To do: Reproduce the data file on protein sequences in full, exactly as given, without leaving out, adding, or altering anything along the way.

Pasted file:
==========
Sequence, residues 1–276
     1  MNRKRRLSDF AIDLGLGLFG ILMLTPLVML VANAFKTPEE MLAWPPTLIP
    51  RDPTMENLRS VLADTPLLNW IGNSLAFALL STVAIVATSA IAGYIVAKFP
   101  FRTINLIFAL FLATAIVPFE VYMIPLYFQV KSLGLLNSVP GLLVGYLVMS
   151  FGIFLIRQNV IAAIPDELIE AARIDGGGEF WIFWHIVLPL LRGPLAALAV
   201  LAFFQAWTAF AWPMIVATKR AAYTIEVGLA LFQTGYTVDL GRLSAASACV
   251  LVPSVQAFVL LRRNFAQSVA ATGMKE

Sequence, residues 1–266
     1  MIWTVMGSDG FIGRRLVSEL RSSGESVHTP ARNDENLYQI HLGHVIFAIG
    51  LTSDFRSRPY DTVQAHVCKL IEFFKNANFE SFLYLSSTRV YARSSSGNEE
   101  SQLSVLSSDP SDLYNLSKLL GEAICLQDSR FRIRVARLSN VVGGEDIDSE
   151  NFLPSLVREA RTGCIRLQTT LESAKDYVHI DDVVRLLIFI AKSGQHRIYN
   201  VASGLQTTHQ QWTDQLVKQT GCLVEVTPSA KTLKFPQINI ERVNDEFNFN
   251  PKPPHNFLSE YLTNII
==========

Sequence, residues 1–276
     1  MNRKRRLSDF AIDLGLGLFG ILMLTPLVML VANAFKTPEE MLAWPPTLIP
    51  RDPTMENLRS VLADTPLLNW IGNSLAFALL STVAIVATSA IAGYIVAKFP
   101  FRTINLIFAL FLATAIVPFE VYMIPLYFQV KSLGLLNSVP GLLVGYLVMS
   151  FGIFLIRQNV IAAIPDELIE AARIDGGGEF WIFWHIVLPL LRGPLAALAV
   201  LAFFQAWTAF AWPMIVATKR AAYTIEVGLA LFQTGYTVDL GRLSAASACV
   251  LVPSVQAFVL LRRNFAQSVA ATGMKE

Sequence, residues 1–266
     1  MIWTVMGSDG FIGRRLVSEL RSSGESVHTP ARNDENLYQI HLGHVIFAIG
    51  LTSDFRSRPY DTVQAHVCKL IEFFKNANFE SFLYLSSTRV YARSSSGNEE
   101  SQLSVLSSDP SDLYNLSKLL GEAICLQDSR FRIRVARLSN VVGGEDIDSE
   151  NFLPSLVREA RTGCIRLQTT LESAKDYVHI DDVVRLLIFI AKSGQHRIYN
   201  VASGLQTTHQ QWTDQLVKQT GCLVEVTPSA KTLKFPQINI ERVNDEFNFN
   251  PKPPHNFLSE YLTNII